Winter Squash
Cucurbita spp

Squash are typically categorized as summer or winter varieties. The immature fruits of summer varieties are eaten fresh, while the winter squash are harvested in late fall after they are mature and the skins have toughened, stored in a cool, dry location, and used into the winter.  Click here for planting, harvesting and storage information.

See also pumpkins

Unless otherwise noted on a variety's product page, each packet contains four grams of seeds. Seed count varies by variety.



Products (Total Items: 29)
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Banana, Pink Jumbo - Winter Squash
Almost cylindrical with a slight taper at the blossom end.
$2.25
Boston Marrow Squash
The original, early winter squash. Beautiful, productive and tasty.
$2.45
Burgess Buttercup Winter Squash
Very sweet, fine-grained flesh, 5 to 8 inches in diameter and range from 3 to 5 pounds.
$2.25
Bush Table King Acorn Winter Squash
Acorn-shaped winter squash on compact plants.
$2.25
Ebony Acorn Squash
Mildew resistant. Classic acorn squash flavor and texture but are noticeably sweeter.
$2.25
Galeux d' Eysines Winter Squash
Thick, orange, sweet, fine-grained flesh; excellent sautéed, roasted, baked or used for pie or soup.
$2.45
Golden Delicious - Winter Squash
Higher vitamin C content than other squash and not watery
$2.25
Green Striped Cushaw Squash
Flesh is light colored, fine grained, very dry and resembles sweet potatoes in flavor.
$2.25
Honeyboat Delicata Winter Squash
Excellent quality and very sweet tasting.
$2.25
Hopi Pale Gray Winter Squash
Oblong, gray-green, average 10-15 pounds; Flesh is deep orange and tasty.
$2.45
Hubbard, Blue - Winter Squash
Tough-skinned oblong bluish-green fruits weighing 10-15 pounds.
$2.25
Hubbard, Chicago Warted - Winter Squash
Dark-green, hard shelled, heavily warted fruits that weigh up to 16 pounds.
$2.25
Hubbard, Golden - Winter Squash
Fruits have a red-orange rind with tan striping at the blossom end. Flesh is fine grained, very dry, rich, and sweet.
$2.25
Hubbard, True Green Improved - Winter Squash
Dark green skinned, golden-fleshed, 10-15 pound fruit.
$2.25
Kogigu Winter Squash
Tasty, fine-grained, deep orange flesh is of excellent eating quality.
$2.45
Long Island Cheese Winter Squash
The fruits are flattened, ribbed, buff in color with orange flesh.
$2.25
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Planting, Harvesting and Storing

Choose a location that has warm, well-drained and fertile soil. Work in plenty of well composted organic matter and mulch established plants to conserve moisture, as squash are heavy water consumers. Sow directly into the garden after threat of frost has passed.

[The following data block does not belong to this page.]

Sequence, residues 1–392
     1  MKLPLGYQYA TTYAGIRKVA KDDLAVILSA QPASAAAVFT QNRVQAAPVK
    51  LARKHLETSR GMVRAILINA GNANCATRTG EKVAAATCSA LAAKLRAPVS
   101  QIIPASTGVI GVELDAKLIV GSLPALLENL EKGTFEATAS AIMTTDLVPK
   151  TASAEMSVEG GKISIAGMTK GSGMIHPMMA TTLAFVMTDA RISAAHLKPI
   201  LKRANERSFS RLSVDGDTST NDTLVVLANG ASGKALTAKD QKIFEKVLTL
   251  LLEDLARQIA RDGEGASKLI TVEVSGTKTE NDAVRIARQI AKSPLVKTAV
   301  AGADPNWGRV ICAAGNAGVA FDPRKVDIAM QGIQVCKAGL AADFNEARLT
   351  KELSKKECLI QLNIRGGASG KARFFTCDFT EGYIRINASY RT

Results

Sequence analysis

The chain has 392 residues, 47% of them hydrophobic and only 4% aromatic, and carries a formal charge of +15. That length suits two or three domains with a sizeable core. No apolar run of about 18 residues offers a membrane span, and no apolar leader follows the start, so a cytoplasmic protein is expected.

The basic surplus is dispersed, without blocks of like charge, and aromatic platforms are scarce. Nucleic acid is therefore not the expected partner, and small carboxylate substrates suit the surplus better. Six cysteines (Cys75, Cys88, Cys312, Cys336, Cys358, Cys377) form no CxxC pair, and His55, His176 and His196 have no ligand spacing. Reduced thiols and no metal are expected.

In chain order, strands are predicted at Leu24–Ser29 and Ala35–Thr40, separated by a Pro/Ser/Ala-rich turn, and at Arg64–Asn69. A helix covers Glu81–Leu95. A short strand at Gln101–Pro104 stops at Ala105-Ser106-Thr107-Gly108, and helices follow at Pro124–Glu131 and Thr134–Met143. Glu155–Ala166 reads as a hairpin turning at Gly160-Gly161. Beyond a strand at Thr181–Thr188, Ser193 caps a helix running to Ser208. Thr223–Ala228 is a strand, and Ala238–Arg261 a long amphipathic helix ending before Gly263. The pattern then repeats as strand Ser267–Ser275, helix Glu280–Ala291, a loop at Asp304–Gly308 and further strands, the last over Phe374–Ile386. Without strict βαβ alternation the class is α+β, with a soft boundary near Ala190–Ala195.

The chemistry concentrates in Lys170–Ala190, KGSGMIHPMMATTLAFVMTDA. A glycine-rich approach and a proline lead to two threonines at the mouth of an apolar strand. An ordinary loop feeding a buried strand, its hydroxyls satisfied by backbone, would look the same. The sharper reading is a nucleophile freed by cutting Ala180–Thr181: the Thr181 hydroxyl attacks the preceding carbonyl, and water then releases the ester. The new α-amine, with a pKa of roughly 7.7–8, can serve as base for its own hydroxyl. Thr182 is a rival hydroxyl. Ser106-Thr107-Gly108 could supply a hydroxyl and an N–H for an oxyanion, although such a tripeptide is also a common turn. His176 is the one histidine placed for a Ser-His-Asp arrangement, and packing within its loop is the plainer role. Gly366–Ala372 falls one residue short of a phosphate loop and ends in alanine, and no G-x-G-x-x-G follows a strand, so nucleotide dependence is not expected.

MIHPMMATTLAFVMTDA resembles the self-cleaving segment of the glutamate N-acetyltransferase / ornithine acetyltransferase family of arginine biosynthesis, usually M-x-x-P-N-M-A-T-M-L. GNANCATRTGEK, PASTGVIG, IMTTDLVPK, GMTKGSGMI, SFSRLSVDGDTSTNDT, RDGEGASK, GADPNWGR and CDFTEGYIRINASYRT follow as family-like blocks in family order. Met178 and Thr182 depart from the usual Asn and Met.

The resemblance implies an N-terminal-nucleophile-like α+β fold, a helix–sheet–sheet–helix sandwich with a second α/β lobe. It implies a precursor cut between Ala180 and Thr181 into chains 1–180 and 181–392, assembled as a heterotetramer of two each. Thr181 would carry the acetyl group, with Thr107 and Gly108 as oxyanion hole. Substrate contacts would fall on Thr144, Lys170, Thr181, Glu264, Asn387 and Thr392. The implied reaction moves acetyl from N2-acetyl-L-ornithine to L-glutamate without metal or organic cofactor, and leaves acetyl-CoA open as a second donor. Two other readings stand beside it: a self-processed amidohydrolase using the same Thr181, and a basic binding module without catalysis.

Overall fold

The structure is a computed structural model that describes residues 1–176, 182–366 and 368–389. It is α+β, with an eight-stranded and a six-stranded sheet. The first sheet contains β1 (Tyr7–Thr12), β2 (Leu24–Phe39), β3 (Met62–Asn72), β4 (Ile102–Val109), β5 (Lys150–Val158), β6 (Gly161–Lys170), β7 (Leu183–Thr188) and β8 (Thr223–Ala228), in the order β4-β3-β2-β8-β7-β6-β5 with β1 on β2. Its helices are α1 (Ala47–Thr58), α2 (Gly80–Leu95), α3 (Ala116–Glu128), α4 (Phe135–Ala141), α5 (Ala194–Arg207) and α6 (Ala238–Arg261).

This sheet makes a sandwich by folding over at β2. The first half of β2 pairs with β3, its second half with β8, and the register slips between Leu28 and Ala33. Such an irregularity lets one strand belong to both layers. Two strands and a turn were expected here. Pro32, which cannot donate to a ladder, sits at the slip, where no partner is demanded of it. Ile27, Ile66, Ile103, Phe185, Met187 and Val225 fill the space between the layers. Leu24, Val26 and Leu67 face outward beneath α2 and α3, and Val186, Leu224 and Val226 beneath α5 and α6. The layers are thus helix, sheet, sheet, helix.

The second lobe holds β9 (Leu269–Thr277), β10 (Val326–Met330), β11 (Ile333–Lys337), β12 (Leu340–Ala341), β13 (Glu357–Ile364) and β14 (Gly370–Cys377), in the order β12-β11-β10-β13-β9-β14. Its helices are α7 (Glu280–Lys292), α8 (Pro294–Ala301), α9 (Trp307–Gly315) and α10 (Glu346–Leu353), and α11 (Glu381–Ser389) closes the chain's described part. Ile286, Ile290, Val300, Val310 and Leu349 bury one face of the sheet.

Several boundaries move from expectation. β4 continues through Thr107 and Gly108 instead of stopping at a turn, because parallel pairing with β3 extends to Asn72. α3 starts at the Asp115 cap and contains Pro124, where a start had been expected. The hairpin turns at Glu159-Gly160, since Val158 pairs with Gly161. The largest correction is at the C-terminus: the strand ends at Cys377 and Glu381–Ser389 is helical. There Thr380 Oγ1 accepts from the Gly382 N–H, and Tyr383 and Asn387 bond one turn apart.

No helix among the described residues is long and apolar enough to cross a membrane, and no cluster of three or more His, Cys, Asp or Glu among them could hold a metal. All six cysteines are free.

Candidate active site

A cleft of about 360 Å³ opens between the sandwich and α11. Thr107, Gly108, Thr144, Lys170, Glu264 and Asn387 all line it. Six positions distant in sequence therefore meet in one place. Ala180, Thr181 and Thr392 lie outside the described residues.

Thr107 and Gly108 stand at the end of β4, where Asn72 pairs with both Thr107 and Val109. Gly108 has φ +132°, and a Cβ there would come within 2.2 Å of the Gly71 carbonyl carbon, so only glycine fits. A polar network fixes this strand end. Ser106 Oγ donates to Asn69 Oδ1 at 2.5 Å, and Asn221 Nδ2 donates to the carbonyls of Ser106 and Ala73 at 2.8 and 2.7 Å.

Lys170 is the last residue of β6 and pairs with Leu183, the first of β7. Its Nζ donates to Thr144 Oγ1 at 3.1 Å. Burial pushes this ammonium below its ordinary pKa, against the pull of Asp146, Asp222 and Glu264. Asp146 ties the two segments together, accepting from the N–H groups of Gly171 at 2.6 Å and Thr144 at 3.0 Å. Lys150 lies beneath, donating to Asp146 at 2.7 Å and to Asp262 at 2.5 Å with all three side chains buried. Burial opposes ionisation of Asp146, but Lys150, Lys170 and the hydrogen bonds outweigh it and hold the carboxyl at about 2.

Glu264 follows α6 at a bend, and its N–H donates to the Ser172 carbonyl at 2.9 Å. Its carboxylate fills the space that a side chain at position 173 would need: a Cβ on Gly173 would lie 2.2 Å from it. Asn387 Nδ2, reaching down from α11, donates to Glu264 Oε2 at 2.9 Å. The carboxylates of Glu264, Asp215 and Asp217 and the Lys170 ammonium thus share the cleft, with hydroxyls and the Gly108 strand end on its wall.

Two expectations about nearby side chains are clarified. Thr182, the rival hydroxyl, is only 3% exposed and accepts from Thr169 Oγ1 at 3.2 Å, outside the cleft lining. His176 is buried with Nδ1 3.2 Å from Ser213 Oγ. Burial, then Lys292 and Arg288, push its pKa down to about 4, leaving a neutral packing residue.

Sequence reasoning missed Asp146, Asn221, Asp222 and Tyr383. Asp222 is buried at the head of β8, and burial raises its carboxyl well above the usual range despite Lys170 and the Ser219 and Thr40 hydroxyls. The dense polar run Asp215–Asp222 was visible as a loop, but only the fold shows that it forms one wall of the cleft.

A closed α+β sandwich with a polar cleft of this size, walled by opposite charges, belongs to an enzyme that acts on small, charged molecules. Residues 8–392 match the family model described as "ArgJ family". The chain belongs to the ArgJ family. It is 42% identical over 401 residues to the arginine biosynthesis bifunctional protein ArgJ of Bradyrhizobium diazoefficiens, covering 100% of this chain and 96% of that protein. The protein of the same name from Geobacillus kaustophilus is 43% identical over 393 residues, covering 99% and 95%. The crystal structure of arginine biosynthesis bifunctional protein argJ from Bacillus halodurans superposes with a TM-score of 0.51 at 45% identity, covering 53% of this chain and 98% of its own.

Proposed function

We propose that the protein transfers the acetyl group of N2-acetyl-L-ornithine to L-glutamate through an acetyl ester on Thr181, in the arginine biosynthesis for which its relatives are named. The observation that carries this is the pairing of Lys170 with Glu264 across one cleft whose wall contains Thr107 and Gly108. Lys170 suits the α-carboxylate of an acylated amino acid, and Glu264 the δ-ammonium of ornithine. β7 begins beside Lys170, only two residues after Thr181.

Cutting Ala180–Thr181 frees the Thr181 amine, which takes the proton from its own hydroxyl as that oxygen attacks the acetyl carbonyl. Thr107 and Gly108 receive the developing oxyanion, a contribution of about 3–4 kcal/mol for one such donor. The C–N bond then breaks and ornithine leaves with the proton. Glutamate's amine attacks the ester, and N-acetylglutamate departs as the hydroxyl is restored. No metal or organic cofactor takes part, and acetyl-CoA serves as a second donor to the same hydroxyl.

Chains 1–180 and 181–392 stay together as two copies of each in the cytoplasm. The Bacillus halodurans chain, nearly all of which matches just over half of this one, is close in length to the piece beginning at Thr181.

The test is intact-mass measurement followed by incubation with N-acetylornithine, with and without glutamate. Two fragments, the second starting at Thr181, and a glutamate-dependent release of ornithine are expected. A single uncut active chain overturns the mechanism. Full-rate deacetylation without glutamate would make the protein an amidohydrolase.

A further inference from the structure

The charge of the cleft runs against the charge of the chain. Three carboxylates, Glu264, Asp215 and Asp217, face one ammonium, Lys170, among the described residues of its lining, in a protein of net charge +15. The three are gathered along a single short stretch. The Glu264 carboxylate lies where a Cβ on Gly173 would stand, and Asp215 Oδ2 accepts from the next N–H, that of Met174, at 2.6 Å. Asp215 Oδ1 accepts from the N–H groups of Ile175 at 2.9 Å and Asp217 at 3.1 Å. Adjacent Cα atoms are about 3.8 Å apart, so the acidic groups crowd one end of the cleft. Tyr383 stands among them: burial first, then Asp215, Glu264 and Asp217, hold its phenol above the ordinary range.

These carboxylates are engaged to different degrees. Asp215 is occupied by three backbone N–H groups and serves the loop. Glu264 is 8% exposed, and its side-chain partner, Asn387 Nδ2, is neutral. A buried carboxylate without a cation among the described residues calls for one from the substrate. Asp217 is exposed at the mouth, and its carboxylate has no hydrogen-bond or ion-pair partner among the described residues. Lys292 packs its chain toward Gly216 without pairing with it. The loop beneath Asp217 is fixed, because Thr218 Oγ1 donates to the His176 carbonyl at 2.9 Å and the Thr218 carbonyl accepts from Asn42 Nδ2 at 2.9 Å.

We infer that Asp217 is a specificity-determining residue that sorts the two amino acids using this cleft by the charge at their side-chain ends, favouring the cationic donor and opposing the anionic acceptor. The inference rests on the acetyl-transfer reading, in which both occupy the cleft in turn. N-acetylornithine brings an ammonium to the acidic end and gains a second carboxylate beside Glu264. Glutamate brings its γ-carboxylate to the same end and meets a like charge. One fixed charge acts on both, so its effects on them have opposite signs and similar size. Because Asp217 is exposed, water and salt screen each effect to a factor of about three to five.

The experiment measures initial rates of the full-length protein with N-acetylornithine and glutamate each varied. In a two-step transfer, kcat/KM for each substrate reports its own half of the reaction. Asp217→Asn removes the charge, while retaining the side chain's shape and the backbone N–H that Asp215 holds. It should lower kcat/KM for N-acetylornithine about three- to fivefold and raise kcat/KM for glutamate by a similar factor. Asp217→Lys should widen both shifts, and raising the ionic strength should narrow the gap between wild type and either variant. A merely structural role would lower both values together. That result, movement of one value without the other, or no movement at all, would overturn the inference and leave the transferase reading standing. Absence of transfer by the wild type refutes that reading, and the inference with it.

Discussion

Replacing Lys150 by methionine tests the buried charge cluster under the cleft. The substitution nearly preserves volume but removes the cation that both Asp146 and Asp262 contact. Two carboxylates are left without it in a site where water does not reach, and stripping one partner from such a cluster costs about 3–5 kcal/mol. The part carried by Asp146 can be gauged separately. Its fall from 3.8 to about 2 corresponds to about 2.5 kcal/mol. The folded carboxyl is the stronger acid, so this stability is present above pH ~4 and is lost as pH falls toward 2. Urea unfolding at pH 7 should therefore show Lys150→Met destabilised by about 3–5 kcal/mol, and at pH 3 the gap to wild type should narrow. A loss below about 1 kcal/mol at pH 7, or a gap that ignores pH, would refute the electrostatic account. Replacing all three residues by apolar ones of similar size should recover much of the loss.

Here in the Maritime Northwest, it is common to plant seeds in hills. The hills are created by mounding up the soil about four to six inches high, 24 inches across at the base and flattened on the top. This allows the soil to be better warmed by the sun and provides better protection from heavy rain.

Sow five to six seeds, one inch deep, in hills or rows. Spacing is dependent on plant type. Vining varieties should be spaced on six foot centers while bush-types at twenty four to thirty inches apart. When seeds germinate, cut off all but the strongest three or four seedlings.

When laying out your garden, remember to consider the growing habits of the varieties that you are planting. Some bush-types are compact while some vining types require a tremendous amount of space. Harvest time will also vary by type.

Harvest, Curing and Storage:

It is important to harvest winter squash and pumpkins before they are damaged by the first frost of the fall / winter season.

The first sign that the fruit is ready to harvest will be visible shriveling and drying of the stems and leaves. Additionally, the skin of winter squash varieties will typically be too hard for you to be able to easily dent it with your thumbnail. You should note that most pumpkins will have a tough skin but it may remain a little soft.

Harvest the fruit by cutting them from the vine. Be sure to leave one to three inches of vine connected to the fruit but do not use them as a handle.  If the stems are knocked off, it can lead to rot. Also, it is best not to wash the fruits. Simply wipe the dirt off with a dry rag. Before storing, cure the fruit.

Curing is best accomplished by allowing them to remain in the garden as long as possible where cool fall nights increase sugar content and the sunshine cures or hardens the skin. Approximately ten days of these conditions are about perfect. If there is a chance of freezing weather, protect the fruit in a storage building and return to the sunlight the following day.

The storage area should be dark, about 50F (10C), and rather dry (50-65% humidity). Store so that the squash are not touching each other and that there are no other fruit (for example apples, pears, bananas, etc.) in the storage area. Check on them regularly, discard or use as necessary. If you cure the fruit and store them properly, they last well into the winter.

Common storage times are:

Acorn, Delicata Two months
Spaghetti, Buttercup, Turban-types Three to four months
Butternut, Hubbard Four to six months

 

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